When he was about four years old, my son latched onto the movie The Polar Express and made us watch it over and over and over and over and over and over until the day that the DVD, and — this is a true story — jumped out of the player and asked for a drink. When Christmas rolled around, we watched The Polar Express. In the middle of July, we watched The Polar Express. Bedtime stories, songs in the car, make-believe in the backyard, Polar Polar train train train. One night, my sleepwalking son got out of bed, stumbled downstairs, opened the sliding back porch door, and wandered outside; two neighbors found him at 1:30 a.m. in his PJs a quarter-mile away. Three guesses what he told us he was looking for.
In short, I’ve had nearly a decade of polar exposure, and frankly I’ve been waiting for the years to soften my objection, to make me start thinking, “Enh, this isn’t so bad!” like I did with The Phantom Menace and Taylor Swift and Honda Odysseys. But you know what? It never happened. The movie is still a creepers death-ride through an Arctic hellscape, and it continues to make me want to scream, tear my hair out, and throw around Salvation Army buckets.
I’ve been waiting for the years to soften my objection, to make me start thinking, “Enh, this isn’t so bad!” like I did with ‘The Phantom Menace’ and Taylor Swift and Honda Odysseys. But you know what? It never happened.
Which is not to say The Polar Express is the planet’s only jacked-up Christmas movie; some of America’s most consistently beloved examples of family entertainment include a cartoon about the relentless emotional abuse of the neighborhood’s most fragile child, a film about a tween who’s obsessed with getting a gun, and a Claymation special nightmare in which the lovable protagonist forcibly yanks out the bad guy’s teeth. There’s also Frosty the Snowman, a beloved children’s character who’s gonna die in, like, three days.
But as bonkers Christmas movies go, The Polar Express remains the topper. It was made by computers and Tom Hanks plays everybody and it still cost $165 million, most of which apparently went to seeing how many talking metaphors could be shoved into a minimalist children’s book. The book on which the movie is based, is a quiet meditation on Christmas magic and makes you want to drink hot chocolate; the movie promotes the notion that if a strange man comes to your house on an illogical locomotive in the black of night demanding you ride his train to some unspecified destination, the only reasonable course of action is to get right on that train.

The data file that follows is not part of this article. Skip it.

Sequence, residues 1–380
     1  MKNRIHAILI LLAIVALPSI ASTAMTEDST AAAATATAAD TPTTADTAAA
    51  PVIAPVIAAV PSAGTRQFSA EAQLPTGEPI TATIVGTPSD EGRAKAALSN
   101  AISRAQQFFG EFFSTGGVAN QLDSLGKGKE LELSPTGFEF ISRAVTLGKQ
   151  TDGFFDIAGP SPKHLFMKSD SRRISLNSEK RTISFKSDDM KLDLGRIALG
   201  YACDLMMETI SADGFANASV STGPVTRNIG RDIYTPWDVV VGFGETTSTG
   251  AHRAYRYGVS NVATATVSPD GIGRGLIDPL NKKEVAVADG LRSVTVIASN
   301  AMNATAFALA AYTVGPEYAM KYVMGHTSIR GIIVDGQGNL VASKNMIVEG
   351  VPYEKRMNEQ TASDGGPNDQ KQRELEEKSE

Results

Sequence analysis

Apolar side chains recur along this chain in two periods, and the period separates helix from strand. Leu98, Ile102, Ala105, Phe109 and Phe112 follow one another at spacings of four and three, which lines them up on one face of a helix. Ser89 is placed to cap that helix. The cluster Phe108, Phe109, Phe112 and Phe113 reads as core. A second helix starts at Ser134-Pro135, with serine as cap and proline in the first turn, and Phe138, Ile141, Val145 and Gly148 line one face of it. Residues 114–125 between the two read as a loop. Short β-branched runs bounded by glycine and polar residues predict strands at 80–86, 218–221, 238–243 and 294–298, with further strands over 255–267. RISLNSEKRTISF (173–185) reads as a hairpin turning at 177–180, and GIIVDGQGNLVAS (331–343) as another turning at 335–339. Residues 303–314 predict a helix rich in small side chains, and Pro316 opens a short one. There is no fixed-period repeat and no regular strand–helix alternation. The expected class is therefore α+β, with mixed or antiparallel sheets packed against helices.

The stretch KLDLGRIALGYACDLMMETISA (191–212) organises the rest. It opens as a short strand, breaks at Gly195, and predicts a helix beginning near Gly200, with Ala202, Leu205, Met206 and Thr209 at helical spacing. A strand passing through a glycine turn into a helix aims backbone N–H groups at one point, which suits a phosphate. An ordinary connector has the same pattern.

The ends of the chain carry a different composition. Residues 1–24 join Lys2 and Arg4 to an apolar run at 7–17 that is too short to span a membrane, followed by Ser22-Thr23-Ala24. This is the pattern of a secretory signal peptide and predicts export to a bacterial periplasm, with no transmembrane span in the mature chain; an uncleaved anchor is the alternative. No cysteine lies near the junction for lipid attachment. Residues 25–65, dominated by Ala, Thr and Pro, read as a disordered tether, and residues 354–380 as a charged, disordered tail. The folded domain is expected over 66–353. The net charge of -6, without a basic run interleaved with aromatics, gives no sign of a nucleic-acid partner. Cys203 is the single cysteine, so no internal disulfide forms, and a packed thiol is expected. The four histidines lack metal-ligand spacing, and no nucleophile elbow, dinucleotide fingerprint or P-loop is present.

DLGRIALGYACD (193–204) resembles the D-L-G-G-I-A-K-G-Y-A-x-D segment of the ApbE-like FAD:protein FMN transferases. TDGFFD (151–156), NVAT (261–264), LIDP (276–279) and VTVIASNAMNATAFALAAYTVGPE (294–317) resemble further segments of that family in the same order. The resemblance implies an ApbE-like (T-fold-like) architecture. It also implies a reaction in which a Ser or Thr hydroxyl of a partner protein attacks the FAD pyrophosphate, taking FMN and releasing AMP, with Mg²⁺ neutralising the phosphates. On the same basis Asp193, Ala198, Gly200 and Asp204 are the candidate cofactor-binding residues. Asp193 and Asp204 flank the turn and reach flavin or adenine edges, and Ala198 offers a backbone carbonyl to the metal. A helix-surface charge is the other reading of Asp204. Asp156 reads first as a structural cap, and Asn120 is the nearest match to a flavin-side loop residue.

The fundamental rejection of stranger danger is the film’s first problem; the second involves a pretty cavalier approach to unsupervised children on mass transit. “One thing about trains,” the bendable Hanksbot says, very seriously, “doesn’t matter where they’re going, what matters is deciding to get on” — as though you won’t remotely get near the nice list without boarding random vehicles without considering the destination, which is really only something you might do if you were a hobo in 1921. It entirely matters where the train is going! What if the train’s going to Justice League, or Burning Man? When was the last time you were at Penn Station like, “Surprise me!”
As for Santa, he’s a pompous snooze box who makes 40,000 elves gather for his majestic entrance and then promptly ignores all of them to talk to some kid for 10 minutes.
I could do this all Christmas season: This movie features an angry hobo-ghost who sleeps in the wheels and washes his socks in coffee; there’s a car full of shrieking puppet corpses; the North Pole is clearly an Arctic sweatshop staffed by unpleasant elf worker drones (one of whom is Steven Tyler) who greet Santa’s appearance with pretty delirious enthusiasm, considering they see him every morning. As for Santa, he’s a pompous snooze box who makes 40,000 elves gather for his majestic entrance and then promptly ignores all of them to talk to some kid for 10 minutes. (The elves spend 365 making toys for everyone on Earth; Santa kicks off Christmas by saying, “Here’s a broken bell that fell off my car.”)
Oh, and let’s not forget that, once the kids are back home, there’s a scene where a present arrives that neither parent recognizes, and it contains a note from a “Mr. C” advising a kid to fix a hole in his pocket and no one is the slightest bit horrified by this.
Also, there’s the film’s ostensible message, which is that if you’re an eight-year-old kid who is having trouble believing in Santa, you should totally believe in Santa, who is a lie. So I’m really not sure what the message is, but I suspect it’s something about Aerosmith. Look, I’m all for Christmas magic. Let’s just have a little less spectral weirdness, and maybe some cleaner socks.